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Build an Efficient Inverter, Win a Million Dollars

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  • Build an Efficient Inverter, Win a Million Dollars

    Google and the IEEE are giving away a million dollar prize to an individual or team, that can build the most efficient and compact DC to AC inverter. The goal is to design and build a 2kW inverter with a power density greater than 50W per cubic inch. To put that in perspective, conventional solar string inverters have power densities around 0.5-3W per cubic Inch, and microinverters around 5W per cubic Inch. So in other words, an order of magnitude more efficient than what we have now.

    For the challenge, the inverter needs to convert 450VDC, with a 10 ohm series resistor simulating a solar array, to 240VAC @ 60Hz. Testing will consist of powering various resistive, inductive and capacitive loads ranging from 0-2kVA. The inverter is expected to regulate voltage within 5%, and frequency within 0.05%, while keeping the enclosure below 60 degrees C, and conforming to FCC Part 15 B (Unintentional radiators).

    If you and/or your team can figure out the most efficient topology, switching frequency, novel use of high power wide bandgap (WBG) semiconductors, physically reduce the size of the input and output filters, and keep the whole thing running cool. Then get registered before the September 30, 2014 deadline. Inverters need to be functional and the results of this test procedure (PDF warning) sent in before July 22, 2015, then 18 finalists will be chosen to bring their inverters in person to a testing facility in the United States by October 21, 2015. The grand prize winner will be announced sometime in January, 2016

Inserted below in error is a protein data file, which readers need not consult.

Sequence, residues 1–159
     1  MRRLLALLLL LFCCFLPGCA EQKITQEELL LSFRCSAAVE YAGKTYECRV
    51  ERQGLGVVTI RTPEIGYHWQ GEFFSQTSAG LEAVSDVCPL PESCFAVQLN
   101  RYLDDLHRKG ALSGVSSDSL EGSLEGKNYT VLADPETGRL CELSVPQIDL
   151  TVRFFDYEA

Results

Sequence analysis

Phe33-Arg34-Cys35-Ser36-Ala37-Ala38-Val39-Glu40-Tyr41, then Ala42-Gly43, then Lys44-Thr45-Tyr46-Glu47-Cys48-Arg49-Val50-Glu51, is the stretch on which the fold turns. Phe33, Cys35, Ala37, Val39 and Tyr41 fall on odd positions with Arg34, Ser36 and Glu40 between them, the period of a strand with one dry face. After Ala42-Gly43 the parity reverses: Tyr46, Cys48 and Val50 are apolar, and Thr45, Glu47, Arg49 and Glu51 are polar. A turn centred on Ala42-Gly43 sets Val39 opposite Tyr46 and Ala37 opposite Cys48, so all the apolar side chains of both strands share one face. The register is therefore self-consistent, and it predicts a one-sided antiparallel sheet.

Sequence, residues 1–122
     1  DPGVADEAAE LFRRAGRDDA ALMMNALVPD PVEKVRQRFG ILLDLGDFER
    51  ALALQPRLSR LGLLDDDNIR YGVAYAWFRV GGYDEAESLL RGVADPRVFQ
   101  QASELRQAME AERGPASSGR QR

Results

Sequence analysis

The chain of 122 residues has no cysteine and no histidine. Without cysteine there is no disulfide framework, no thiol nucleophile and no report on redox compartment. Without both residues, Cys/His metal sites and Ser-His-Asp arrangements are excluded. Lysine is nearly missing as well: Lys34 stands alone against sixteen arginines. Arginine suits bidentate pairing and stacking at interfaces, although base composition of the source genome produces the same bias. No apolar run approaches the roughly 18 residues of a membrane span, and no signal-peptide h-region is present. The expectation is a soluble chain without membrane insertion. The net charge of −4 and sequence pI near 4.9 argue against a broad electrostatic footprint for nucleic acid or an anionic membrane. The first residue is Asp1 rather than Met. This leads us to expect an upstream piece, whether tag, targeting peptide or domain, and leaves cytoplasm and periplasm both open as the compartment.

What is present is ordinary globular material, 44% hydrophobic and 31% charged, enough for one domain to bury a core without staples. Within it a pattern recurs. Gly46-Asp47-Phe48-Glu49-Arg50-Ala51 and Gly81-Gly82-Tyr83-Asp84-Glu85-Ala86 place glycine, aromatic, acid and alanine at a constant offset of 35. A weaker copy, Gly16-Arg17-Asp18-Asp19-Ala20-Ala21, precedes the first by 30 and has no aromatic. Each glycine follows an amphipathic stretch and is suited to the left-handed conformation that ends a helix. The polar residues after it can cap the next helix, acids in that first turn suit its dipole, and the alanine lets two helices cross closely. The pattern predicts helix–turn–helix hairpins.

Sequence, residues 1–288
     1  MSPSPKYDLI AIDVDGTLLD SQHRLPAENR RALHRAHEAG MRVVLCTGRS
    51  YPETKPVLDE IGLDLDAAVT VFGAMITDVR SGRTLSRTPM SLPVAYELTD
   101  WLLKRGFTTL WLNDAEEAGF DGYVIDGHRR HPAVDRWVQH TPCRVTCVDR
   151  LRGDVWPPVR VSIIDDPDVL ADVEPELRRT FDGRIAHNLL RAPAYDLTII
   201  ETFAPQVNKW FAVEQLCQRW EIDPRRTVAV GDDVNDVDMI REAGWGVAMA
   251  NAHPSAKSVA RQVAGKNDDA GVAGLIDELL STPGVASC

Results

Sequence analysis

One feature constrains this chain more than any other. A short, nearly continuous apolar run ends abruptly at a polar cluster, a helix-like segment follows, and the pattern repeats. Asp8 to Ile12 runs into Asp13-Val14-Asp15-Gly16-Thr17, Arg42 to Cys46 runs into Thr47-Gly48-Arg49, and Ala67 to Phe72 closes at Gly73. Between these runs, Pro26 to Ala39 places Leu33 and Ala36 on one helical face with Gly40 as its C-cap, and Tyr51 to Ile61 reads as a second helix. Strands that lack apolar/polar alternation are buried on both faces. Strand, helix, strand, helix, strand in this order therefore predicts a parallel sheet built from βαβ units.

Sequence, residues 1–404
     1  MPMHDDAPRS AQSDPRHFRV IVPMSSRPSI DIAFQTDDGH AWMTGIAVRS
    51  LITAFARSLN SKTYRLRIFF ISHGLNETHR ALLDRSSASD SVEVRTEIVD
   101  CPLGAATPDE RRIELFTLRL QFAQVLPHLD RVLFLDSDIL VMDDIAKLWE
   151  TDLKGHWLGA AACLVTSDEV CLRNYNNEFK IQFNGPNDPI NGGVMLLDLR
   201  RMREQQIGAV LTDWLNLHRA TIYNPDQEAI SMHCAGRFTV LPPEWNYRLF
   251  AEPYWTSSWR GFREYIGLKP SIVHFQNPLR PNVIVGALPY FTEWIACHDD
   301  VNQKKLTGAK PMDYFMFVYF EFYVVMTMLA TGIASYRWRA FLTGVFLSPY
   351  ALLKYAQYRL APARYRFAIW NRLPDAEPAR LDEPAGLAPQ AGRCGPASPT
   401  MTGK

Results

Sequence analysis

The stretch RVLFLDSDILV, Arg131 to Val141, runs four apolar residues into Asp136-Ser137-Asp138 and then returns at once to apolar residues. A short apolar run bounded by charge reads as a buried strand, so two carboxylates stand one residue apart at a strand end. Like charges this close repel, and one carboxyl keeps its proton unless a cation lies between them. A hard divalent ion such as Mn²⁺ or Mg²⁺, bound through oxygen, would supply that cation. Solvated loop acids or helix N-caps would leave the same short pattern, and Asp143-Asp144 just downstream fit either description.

Build an Efficient Inverter, Win a Million Dollars

  • #2
    So they want a 2KW inverter in a 40 cubic inch package, that is a cube 3.5" on a side and it must run cool good luck with that. I designed a 600W inverter that run at 30Khz with everything they are asking for in a 128 cubic inch package and that was not easy. Most people, and not just on this forum, do not have the technology needed to perform such a trick, I would think that it could only be done by bare chips on ceramic substrates, which is beyond surface mount technology. I would think it is beyond all but a number of companies that already design this type of product.

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    • #3
      I was seriously considering this until I read the specs which were pointless. What was even more comical is what was not being said, now google is going to give a million dollars to anyone who can build a 2KW inverter in a 40 cubic inch package... what is wrong with this picture?.

      First, nobody gives a damn if it's 60% smaller however 60% cheaper may actually make a real difference in renewables. So I figure google is just playing more pointless PR games. As I said in another post... We live in the age of Hype which seems to be much ado about nothing.

      AC

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      • #4
        AC,
        That's what I thought until I realized they basically wanted it built into a Rubic's cube, I think the fan needed to cool it would take half the given space alone. So I have to agree with you much ado about nothing.

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        • #5
          If the source of 450VDC is external then it is possible do make such inverter running cold but it would not be pure electronics

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          • #6
            coolng mass is subjective

            Originally posted by Pembelton View Post
            AC,
            That's what I thought until I realized they basically wanted it built into a Rubic's cube, I think the fan needed to cool it would take half the given space alone. So I have to agree with you much ado about nothing.
            If google wants to integrate it into a single unit with the power source then some of the cooling might be designed into the mass of the rest of the unit.

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